Why Apple’s Plan for Health Records Will Work
Product Creation Studio is pleased to bring you exclusive content by Heather Thompson, a senior editor for Medical Design & Outsourcing and former editor-in-chief of MD+DI magazine. With 15 years of experience covering medical technologies and FDA regulations, Heather specializes in delivering the latest trends and news in the medical device industry.
Apple made game-changing news in health care circles a few weeks ago when it announced a plan to enter the personal health record space with Apple Health. The new feature interacts with electronic health records at a dozen hospitals, pulling disparate EHRs into a single, accessible format for consumers.
The news may invite skeptics to question whether the company will be successful; especially since other giants, namely Google and Microsoft failed to make inroads a decade ago.
I think Apple will succeed for a few different reasons:
The market is a lot further along in terms of availability of cloud-connected medical and health technologies.
The availability of online patient records is growing and patients are being treated more like consumers.
The technology for secure access has improved.
Connected Market Growth
Edge computing and the sheer number of medical devices that rely on connectivity to work is staggering. IoT devices are used by both consumers and caregivers to provide biometrics that can help with disease prevention, managing chronic disease, and improving post-surgical care. Markets and Markets estimates that the IoT healthcare market worth $158.07 billion by 2022. Industry watchers believe 2016 was a breakout year for digital health products and the market seems to be on an exponential path. However, the industry is still characterized by a lack of interoperability. That interoperability is where Apple’s platform might help.
A decade ago, medical records were still being faxed, passed along from care organization to care organization. Patients would rarely see their own medical records, nor were they encouraged to make decisions on care. Today, many payers and health providers make medical records accessible to all patients through managed secured websites with increasing frequency. Systems for patient education is more on par with consumer education, encouraging choice of procedures, cost analyses, risk/benefit information.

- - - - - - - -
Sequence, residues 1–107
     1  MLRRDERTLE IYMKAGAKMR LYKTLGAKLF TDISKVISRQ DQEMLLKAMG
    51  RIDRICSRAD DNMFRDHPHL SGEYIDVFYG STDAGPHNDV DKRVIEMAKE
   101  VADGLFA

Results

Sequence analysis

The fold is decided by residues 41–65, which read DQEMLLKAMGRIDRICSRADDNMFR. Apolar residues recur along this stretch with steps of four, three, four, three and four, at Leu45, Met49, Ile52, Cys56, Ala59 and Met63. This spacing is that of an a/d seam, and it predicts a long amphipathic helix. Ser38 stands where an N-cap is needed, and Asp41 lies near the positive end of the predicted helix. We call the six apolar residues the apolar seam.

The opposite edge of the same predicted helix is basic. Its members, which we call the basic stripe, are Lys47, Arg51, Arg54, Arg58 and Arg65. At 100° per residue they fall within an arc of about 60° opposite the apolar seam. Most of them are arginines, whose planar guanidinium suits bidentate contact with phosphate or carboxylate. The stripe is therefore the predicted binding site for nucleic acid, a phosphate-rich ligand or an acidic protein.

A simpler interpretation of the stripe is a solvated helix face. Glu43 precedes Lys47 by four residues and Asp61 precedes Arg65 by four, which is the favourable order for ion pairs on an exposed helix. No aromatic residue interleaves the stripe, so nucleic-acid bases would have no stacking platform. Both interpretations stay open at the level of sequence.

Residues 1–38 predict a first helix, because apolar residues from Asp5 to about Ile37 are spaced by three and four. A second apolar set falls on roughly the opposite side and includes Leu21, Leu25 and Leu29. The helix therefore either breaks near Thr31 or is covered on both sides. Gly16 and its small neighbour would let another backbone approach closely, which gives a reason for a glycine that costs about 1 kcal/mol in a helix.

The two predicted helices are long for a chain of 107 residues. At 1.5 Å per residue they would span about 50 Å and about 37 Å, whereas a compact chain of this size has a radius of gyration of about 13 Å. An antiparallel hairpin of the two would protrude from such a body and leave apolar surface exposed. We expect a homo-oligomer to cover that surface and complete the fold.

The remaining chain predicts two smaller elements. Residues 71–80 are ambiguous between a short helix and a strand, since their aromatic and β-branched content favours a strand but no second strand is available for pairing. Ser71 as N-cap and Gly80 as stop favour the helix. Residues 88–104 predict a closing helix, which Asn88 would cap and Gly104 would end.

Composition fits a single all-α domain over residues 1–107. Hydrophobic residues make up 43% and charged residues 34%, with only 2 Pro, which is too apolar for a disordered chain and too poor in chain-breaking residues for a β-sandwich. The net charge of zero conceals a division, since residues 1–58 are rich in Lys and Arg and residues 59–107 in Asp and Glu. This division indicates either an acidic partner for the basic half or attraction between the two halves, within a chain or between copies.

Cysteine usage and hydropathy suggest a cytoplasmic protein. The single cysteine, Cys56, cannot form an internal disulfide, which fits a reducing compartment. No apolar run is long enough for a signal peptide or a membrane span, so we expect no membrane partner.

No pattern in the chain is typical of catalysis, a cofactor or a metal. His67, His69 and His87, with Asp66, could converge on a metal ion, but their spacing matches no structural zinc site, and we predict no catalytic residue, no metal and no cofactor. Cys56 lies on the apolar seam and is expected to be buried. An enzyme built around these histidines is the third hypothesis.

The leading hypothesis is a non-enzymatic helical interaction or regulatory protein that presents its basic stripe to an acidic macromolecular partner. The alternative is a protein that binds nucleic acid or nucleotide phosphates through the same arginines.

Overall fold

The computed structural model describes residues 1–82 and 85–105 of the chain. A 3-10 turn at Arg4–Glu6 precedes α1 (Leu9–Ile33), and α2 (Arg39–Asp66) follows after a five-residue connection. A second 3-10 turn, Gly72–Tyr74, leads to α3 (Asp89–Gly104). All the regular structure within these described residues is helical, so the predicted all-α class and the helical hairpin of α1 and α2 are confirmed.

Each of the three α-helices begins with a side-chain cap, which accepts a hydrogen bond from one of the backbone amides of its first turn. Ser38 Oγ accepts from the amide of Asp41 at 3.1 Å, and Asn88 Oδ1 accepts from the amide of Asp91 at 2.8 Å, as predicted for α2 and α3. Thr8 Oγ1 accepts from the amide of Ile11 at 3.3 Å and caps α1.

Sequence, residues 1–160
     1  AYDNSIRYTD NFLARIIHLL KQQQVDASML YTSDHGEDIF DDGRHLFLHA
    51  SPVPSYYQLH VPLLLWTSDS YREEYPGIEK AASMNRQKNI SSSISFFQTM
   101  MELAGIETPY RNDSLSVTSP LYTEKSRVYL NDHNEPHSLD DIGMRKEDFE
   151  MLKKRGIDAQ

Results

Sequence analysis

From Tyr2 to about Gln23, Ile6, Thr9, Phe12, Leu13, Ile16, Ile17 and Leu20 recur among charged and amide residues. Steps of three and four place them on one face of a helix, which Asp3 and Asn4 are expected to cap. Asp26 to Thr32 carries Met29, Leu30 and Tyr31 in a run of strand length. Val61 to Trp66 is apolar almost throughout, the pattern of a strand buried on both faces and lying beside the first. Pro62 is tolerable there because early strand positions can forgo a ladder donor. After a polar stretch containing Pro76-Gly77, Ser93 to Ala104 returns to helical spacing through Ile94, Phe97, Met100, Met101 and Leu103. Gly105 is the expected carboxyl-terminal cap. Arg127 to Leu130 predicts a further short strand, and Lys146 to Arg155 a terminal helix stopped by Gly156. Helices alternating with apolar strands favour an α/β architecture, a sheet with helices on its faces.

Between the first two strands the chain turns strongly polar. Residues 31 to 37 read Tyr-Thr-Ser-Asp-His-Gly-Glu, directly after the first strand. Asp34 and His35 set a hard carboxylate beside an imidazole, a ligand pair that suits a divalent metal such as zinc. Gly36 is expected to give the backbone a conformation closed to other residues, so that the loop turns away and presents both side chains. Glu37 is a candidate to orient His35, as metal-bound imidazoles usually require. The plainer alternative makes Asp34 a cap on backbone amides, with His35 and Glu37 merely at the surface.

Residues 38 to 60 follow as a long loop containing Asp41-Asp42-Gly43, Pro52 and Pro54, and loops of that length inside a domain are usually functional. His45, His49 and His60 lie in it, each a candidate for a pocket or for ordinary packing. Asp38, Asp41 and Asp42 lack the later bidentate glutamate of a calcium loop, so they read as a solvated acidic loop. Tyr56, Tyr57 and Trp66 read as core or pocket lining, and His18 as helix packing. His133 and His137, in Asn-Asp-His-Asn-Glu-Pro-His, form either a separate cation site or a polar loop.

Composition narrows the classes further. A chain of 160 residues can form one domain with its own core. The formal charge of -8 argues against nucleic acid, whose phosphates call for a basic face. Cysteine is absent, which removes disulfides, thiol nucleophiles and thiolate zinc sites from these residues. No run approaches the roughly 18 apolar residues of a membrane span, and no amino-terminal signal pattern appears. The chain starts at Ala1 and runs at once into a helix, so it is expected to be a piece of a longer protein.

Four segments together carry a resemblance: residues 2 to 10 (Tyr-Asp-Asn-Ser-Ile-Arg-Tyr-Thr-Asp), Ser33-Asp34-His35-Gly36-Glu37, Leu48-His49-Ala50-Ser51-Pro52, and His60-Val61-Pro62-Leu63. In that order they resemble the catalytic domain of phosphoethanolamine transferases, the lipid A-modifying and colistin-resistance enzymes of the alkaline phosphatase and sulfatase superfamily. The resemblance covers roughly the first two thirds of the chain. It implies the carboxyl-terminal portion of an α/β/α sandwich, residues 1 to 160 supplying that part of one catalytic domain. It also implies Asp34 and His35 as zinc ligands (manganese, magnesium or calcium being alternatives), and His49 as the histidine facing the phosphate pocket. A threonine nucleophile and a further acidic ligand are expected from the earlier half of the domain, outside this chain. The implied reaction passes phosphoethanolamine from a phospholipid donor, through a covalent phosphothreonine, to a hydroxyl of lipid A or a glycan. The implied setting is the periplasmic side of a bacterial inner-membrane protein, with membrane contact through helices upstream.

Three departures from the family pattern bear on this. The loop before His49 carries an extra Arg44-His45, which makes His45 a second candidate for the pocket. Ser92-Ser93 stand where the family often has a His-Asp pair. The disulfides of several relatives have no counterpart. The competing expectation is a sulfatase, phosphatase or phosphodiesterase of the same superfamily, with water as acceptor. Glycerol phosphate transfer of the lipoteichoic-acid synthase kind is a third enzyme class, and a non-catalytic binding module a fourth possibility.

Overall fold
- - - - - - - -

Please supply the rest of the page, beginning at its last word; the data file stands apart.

Again, we are dealing with a challenge of interoperability. Today, however the basic infrastructure of EMRs is digitized, making interoperability far more approachable than it was 10 years ago.
And of course, the smartphone has become a singularly powerful hand-held computing tool—one that many people interact with multiple times per day. This is a distinct shift away from designing for healthcare providers and focusing instead on everyday users. Further, the increasing costs of healthcare and the restructure of health plans built on high deductibles is driving consumers to take more of a decision-making role in what care they select.
The security of health data has been significant challenge in the last several years, one that does not yet have a full solution. However, there are some exciting technologies that could be used to improve cybersecurity for healthcare products.
For example, Blockchain technology, which has been largely responsible for the success of bitcoin is now being explored for other markets, including healthcare. Secure access to patient data is a major issue in healthcare. Patients have a hard time accessing their records and hospital networks need to transfer the data between networks if a patient chooses a new provider.
Blockchains are collections of data and records (blocks) linked together and secured using cryptography. They are designed to be secure and are part of a distributed computing system. Blockchain functions are decentralized–and the lack of a central point of failure (a vulnerable central point that can be easily hacked) makes blockchains ideal for securing medical records.
How Apple is Letting the Market Determine Value
They say timing is everything. Although many have stepped on this path, Apple may succeed where others haven’t, simply because it waited until all the disparate pieces were in place.
And just a quick observation: Apple’s platform of inviting developers to build software for iPhones will work here, too. Apple is not trying to create the entire ecosystem, but letting the market determine where it sees value. Users are invited to push their heath data where they will get the most personalized and engaging experience—that is a very modern definition of success.